Sunday, February 28, 2010

The power of social media during crisis

I am very impressed. Just had to write this after a very long blogging hiatus to note how proud I am of the Internet community ref. the Chile earthquake and the possible tsunami danger towards Hawaii and the whole pacific region.

Jennifer Chandler did a very good initial commentary on this:


I would just add that the world concentrated on Hawaii quite a bit. Now we should follow the developments in Chile. They will need help. And we should not forget Haiti.

--Kauto

Saturday, February 13, 2010

It has surely been quite a while..

Gosh, it seems that I have lost a bit of touch to blogging. Now it is time to return.

Come to think of it, I started my Internet life over 20 years ago. My first real connection was
through my university, Lappeenranta University of Technology, in around August 1989. This fun started with a Unix..eeh HP-UX account at the university computing centre. They had a whopping 2 Mbit/s connection at that time. I started to build the campus dorm networks in 2001-2002 or thereabouts. 10 Mbit/s to the dorm room, over fiber..unbeliveable at that time.

I am going to try to follow and observe the technical developments during last years in a small blog series. Let's see how this turns out.

First, the phenomena called Google..

Tuesday, September 30, 2008

Testing..1.2.3

I had to switch servers at my hosting provider (Nebula). Let's C how this works..

Saturday, July 26, 2008

DNS in danger..or should I say, the Internet

As we all know, Dan Kaminsky found a very efficient way to poison DNS resolver caches. The vulnerability and the coordination work (very well done Dan & all folks involved!) has been discussed extensively by the IT blogosphere and -press, CERT:s (US-CERT / CERT/CC and CERT-FI for example). The internet operations community and DNS server operators should be very well informed.

I am still worried. Why?

The patches are not at all completely installed. Windows users should be already quite cleared, thanks to the coordinated release of Microsoft patches at July 2008 MS patch Tuesday. According to several reports like the one generated by CERT.at (links here and here), the implementation situation on the real resolving nameservers is a bit on the weak side, mildly said. The patches available to BIND implementations are not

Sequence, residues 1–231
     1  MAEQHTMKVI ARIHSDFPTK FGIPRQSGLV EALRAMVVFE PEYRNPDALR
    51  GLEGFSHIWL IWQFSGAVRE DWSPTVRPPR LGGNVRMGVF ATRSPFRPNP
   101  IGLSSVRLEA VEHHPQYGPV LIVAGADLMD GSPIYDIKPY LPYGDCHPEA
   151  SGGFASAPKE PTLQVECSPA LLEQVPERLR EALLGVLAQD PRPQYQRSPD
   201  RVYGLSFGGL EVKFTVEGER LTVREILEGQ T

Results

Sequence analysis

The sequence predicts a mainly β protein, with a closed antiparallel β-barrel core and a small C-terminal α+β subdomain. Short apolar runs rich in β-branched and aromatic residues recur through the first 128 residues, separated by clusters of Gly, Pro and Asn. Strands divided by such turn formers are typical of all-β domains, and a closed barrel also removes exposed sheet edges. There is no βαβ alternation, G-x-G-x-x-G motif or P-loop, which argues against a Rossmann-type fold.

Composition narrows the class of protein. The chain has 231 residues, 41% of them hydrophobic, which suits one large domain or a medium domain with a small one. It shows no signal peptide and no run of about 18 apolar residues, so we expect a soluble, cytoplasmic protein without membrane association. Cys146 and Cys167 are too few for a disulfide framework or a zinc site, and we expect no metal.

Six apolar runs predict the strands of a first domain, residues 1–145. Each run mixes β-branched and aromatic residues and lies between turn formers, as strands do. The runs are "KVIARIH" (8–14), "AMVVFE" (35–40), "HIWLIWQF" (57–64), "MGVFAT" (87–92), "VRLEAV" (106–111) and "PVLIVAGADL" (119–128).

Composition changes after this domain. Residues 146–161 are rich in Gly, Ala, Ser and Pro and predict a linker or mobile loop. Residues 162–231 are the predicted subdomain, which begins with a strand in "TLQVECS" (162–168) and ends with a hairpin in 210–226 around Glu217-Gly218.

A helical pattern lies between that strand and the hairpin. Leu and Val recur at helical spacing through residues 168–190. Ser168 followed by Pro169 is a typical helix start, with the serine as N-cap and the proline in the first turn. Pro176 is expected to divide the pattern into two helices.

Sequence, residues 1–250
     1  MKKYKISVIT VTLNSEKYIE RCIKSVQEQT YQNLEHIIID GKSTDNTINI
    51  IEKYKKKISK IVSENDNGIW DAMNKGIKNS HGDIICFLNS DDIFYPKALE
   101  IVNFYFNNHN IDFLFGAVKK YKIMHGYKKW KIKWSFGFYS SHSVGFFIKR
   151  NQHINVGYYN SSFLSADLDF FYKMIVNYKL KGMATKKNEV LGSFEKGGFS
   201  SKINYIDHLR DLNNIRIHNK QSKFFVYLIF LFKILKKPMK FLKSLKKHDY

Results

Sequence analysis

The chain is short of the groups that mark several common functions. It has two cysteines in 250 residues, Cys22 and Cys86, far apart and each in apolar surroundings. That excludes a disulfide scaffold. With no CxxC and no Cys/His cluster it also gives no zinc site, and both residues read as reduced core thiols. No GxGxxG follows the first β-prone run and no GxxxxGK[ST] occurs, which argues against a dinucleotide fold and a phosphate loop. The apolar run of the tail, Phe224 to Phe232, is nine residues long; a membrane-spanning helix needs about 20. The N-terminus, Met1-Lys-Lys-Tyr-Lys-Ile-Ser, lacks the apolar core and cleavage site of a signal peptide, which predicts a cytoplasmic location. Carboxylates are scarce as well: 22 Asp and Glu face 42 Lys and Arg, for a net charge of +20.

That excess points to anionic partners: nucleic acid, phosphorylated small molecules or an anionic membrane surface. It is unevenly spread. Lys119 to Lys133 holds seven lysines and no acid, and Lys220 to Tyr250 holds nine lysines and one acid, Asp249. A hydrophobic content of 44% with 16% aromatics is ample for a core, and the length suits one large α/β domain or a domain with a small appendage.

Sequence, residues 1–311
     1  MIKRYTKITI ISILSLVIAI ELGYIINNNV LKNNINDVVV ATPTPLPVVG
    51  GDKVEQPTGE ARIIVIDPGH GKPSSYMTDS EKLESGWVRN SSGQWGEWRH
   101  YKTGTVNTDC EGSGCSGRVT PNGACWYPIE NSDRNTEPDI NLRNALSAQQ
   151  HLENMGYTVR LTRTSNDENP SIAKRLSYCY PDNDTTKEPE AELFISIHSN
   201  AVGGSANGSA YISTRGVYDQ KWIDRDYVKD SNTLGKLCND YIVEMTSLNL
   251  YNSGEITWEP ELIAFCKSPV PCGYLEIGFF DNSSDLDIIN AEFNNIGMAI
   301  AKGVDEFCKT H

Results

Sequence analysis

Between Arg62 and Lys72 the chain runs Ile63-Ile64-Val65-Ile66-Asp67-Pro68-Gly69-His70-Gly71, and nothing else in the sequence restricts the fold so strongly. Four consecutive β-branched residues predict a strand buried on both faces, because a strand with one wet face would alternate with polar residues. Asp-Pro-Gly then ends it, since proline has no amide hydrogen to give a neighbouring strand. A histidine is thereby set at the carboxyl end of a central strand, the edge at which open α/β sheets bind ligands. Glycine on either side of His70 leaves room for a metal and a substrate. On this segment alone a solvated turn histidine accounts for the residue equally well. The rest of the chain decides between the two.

final and have shown to have major performance problems especially on Solaris enviroment. So I fully
understand the ISP:s who are very concerned on their patch situation.

Why this vulnerability is so special? DNS is one of the fundamental services that makes Internet tick. It is the white pages of the ┬┤net, binding all domain names to the related IP addresses. The ability to disturb this database - totally unnoticed by the end users - is really really nasty.

Just think of it:

Someone changes NS records of Google at a major ISP resolver stack. All Google-related traffic of the ISP customers (opening page of Firefox, Gmail etc) goes where the attacker wants. Hmm, a nice drive-by exploit code to Firefox opening page?

A major bank webbank A-record is redirected to Somewhere Else. How many webbank users type https:// at the browser URL line?

Need I say more?

I hope the ISP:s do their best to get their infrastructure protected. And good luck to ISC for their efforts
in finding a complete solution at the BIND issues. The really challenging part is how to patch all SOHO NAT firewalls and WLAN boxes...this is one of the very first times when we need a patch the black box with blinking lights at the bottom of the cupboard. Globally.

It must be July. The mainstream press has been surprisingly quiet on this one.

Let's be careful out there..

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Friday, March 14, 2008

Heathrow a black hole for baggage?

I arrived yesterday from a overseas trip, transferred at LHR. Travel agency thinks that 1 hour 20 mins is enough to transfer from Terminal 4 to Terminal 1..you can maybe already guess the rest of story.

The flight I arrived with to LHR was delayed. The plane had to wait for a landing slot 20 minutes after the original arrival time. Then we parked into some remote part of the airport with a bus transfer to Terminal 4. Now I had 40 minutes to the original takeoff time. Had to wait the bus transfer for 5 minutes and then 10 minutes of circling around the runways. Arrived to Terminal 1 25 minutes before the takeoff of the continuation flight, 5 minutes before the official "gate closure time".

Then the always ever llovely Flight Connections Centre. This facility processes I guess a six-number figure of passengers every day. Luckily my flash of the boarding pass with practically no time left provided me access to the Fast Track -route, wich took around 8 minutes, all with laptop, shoes & belt away.

Managed to reach the gate 10 minutes before takeoff. The plane was not about to pushed back from the gate immediately, so I asked from the gate attendant if my bags are on track with me. She said that they have already registered at Terminal 1 handling..so I felt very lucky indeed.

My luck subdued at Helsinki Airport baggage area. No sign of my bags and the lost baggage handlers
didn't see a sign of them at their systems..

So I arrived on Thursday. First time I saw something of my bags was on Sunday morning when one of the bags was seen on transit from Paris (!!) to Helsinki. I received it Sunday afternoon. There was already an indication that the other bag was about to arrive from Heathrow the same moment but no..the flight for that